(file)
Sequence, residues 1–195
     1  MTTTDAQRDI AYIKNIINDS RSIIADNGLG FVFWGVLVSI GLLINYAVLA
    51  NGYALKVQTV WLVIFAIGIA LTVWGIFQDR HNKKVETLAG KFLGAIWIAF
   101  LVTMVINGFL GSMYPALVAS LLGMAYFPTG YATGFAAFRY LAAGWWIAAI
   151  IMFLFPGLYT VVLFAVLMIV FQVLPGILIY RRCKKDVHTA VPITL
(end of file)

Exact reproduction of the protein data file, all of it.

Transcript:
Sequence, residues 1–195
     1  MTTTDAQRDI AYIKNIINDS RSIIADNGLG FVFWGVLVSI GLLINYAVLA
    51  NGYALKVQTV WLVIFAIGIA LTVWGIFQDR HNKKVETLAG KFLGAIWIAF
   101  LVTMVINGFL GSMYPALVAS LLGMAYFPTG YATGFAAFRY LAAGWWIAAI
   151  IMFLFPGLYT VVLFAVLMIV FQVLPGILIY RRCKKDVHTA VPITL